Thomas “Breeze” Marcus and Salt River Pima-Maricopa Indian Community Council Representative Jacob Butler represented the SRPMIC at the Land Stewardship from Indigenous Perspectives panel discussion held at the Tempe Center for the Arts on January 19.
According to a press brief about the event, it focused on the lessons learned from traditions from the perspectives of Indigenous people. The panel also included Michael Namingha (Hopi Tewa), Ginger Sykes Torres (Diné) and Kyle Mitchell (Diné).
Butler, who served as the longtime SRPMIC Community Garden coordinator, imparted his experience with land management and stewardship from an Indigenous perspective and how those cultural practices bring back the livelihood of the people.
Torres is the State Executive Director for the USDA Arizona Farm Service Agency. Mitchell is a storyteller at South Mountain Community College, where he makes connections with Indigenous students and culture.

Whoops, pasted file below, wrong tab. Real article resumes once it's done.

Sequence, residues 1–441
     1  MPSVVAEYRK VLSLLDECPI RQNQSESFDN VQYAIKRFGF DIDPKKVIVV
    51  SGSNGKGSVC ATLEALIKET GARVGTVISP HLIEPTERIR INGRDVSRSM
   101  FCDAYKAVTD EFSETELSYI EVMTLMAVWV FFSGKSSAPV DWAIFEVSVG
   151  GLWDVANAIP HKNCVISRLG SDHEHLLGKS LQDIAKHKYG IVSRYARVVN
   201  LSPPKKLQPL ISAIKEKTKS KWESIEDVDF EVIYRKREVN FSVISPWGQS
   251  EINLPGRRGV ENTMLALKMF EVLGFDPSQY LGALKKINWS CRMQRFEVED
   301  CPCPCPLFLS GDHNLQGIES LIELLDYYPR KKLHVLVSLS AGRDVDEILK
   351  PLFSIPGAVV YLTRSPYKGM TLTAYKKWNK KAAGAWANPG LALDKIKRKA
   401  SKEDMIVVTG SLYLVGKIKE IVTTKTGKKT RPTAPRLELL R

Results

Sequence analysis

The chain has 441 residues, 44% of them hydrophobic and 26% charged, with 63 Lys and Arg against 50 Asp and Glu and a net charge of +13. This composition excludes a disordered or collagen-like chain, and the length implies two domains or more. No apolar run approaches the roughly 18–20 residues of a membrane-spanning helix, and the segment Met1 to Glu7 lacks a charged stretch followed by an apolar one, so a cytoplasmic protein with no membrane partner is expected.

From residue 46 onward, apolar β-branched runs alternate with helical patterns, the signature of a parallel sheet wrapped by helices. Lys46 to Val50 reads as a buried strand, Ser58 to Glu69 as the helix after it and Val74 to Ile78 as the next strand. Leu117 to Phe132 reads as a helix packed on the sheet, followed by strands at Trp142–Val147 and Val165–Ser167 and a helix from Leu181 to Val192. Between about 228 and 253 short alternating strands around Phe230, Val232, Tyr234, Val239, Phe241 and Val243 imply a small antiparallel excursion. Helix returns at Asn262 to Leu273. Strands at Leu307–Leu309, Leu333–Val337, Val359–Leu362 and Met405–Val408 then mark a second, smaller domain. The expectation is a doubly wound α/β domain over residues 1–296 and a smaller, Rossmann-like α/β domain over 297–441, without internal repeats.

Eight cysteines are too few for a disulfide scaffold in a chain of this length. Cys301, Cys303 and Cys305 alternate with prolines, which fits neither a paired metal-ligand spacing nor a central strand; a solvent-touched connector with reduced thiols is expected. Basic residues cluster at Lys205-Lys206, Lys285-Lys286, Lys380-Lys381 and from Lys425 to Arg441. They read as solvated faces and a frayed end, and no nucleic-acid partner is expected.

Breeze contributed his artwork to a currently running exhibition at Tempe Center for the Arts called Earth & Sky, which focuses on the connections of Indigenous peoples to the natural environment. According to the press release, the exhibition “examines timely topics like land stewardship ecology and culture that ties people to this region.”
The accompanying panel aligned with the exhibition’s subject matter, exploring topics of concern to tribal communities in Arizona and discussing “Indigenous Futurism,” which involves using media such as the visual arts, film and music, and science with Indigenous perspectives to envision a sustainable world that learns lessons from the past, present and future.
Earth & Sky is on display in the gallery at Tempe Center for the Arts until April 22. Admission is free to the public. For more information, visit www.tempecenterforthearts.com or call (480) 350-2867.